We only compliment beginners, but once they get past a certain point we only get annoyed if they can’t understand a word that we think they should know by now. Slackers. They need to study harder.
So again, take this one as it was intended, as encouragement. And know that it’s only once you stop receiving compliments that you know you’ve really gotten somewhere with your Japanese.
3) Speak English to you even though you speak better Japanese
This can be convenient, unless they suck at English. I’ve had a waitress, a very kind college girl, try to speak English with me at my favorite restaurant.
“Where have you in Yamanashi come to?”
I stare at her, trying to decipher her mangled grammar. I think for a moment, then repeat what I thought she said in Japanese. “Yamanashino nakade doko ni ittakoto aru?”
She shakes her head. “Ah, no. Um… Why have…no…did come…no…why come did you have…no…”
“Doshite Yamanashini itta?” Why did you come to Yamanashi?
She smiles. “Yes! Why did…um, you…”
“Nihongode hanashitekudasai. Daijoubu. Wakaru.” Please speak in Japanese. It’s fine. I understand.
“Oh, okay. Um, do you like Yamanashi? I live here from baby.”
Was she just talking to me to practice her English? While that certainly will happen and you should ignore such people, in this case it was that the restaurant’s owner had sent her out to ask the strange foreigner who always comes to his restaurant about who he was. He doesn’t speak any English, and assumed I didn’t speak any Japanese. And when his waitress finished grilling me she dutifully went to the kitchen and related everything she learned. I know because I listened to her. From then on the owner knew I spoke Japanese, and started chatting me up whenever I saw him.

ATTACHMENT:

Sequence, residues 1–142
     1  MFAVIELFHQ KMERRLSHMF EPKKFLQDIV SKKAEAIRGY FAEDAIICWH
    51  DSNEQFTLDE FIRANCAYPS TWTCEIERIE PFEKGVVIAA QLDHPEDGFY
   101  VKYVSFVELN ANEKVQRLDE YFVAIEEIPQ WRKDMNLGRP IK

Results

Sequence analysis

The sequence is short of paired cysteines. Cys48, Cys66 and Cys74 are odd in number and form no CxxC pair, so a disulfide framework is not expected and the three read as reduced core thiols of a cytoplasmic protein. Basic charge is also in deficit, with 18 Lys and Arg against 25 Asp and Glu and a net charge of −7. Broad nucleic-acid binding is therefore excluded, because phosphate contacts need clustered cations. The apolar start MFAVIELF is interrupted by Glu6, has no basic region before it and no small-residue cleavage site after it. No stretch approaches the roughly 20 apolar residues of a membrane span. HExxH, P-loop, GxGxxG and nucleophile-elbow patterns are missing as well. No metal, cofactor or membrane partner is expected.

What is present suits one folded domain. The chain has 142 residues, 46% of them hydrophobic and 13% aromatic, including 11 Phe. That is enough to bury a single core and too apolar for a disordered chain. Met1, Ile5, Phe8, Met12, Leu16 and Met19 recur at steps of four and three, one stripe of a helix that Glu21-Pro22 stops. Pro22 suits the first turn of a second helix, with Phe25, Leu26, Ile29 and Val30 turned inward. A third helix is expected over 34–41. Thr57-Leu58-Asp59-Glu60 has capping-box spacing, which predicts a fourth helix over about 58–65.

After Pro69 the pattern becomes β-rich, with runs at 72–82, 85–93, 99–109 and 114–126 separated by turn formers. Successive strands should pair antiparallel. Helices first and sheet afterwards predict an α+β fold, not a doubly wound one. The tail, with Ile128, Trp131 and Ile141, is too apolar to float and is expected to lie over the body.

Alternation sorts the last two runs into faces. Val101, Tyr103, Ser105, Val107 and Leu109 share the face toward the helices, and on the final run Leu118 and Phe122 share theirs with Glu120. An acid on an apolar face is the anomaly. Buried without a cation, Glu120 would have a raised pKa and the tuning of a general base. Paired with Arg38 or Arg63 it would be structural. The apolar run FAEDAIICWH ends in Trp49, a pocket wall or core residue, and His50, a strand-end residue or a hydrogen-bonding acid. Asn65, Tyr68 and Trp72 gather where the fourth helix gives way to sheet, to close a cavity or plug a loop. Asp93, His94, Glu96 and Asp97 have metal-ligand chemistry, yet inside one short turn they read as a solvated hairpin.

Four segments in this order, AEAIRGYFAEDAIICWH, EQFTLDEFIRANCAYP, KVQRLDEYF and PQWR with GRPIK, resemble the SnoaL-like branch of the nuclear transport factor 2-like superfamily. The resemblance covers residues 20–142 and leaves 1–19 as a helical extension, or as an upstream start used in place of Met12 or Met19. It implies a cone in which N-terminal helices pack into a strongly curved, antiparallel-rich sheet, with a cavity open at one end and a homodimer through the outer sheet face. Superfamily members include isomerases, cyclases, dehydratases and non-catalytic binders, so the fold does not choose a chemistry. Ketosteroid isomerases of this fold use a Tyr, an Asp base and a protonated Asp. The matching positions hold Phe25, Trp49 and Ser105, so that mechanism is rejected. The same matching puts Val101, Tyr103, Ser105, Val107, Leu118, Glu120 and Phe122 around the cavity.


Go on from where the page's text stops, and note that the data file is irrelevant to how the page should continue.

So then, why did his waitress insist on speaking only English when my Japanese was clearly better? I’ve asked a few Japanese about this, and the honest ones told me that there was probably two reasons. One, she was nervous. Japanese can get nervous when they speak to foreigners. They feel a kind of expectation to be able to speak English, so they feel they must at least try–sometimes too hard–to do so.
Two, she probably thought I couldn’t speak Japanese.
“Even though I was speaking Japanese?” I asked when I was told this.
“Yes, even though you were speaking Japanese.”
I didn’t believe this until I recently opened a post office money account. (You can do that in Japan.) The staff had just explained everything in Japanese, which took about ten or fifteen minutes. Then, for some reason, the guy turns to his boss and asks him “Eigode anshobangowa nandesk?” What is PIN number in English?
“Sikureto namuba,” he answers.
I watch this exchange and laugh when he says for me to input my “secret number” into his little machine.
“Anshobango?” I ask, still laughing. I couldn’t help it. You’ve been speaking in Japanese for the last ten minutes and you suddenly think I don’t know this particular word?
“Ah, hai. Anshobango.”
So yeah, even when you can clearly speak Japanese–and are–some guys will think you can’t. Just for the fun of it, I suppose.
It’s just a few people though. But they will really stick out because your mind clings to negative experiences like an alcoholic does that last bottle of whiskey. Try to remember the fourth grade. What do you see? Likely, you either remember something really good, really strange, or really bad. But you certainly don’t remember all those normal days you had when nothing happened. Your brain just kind of works that way.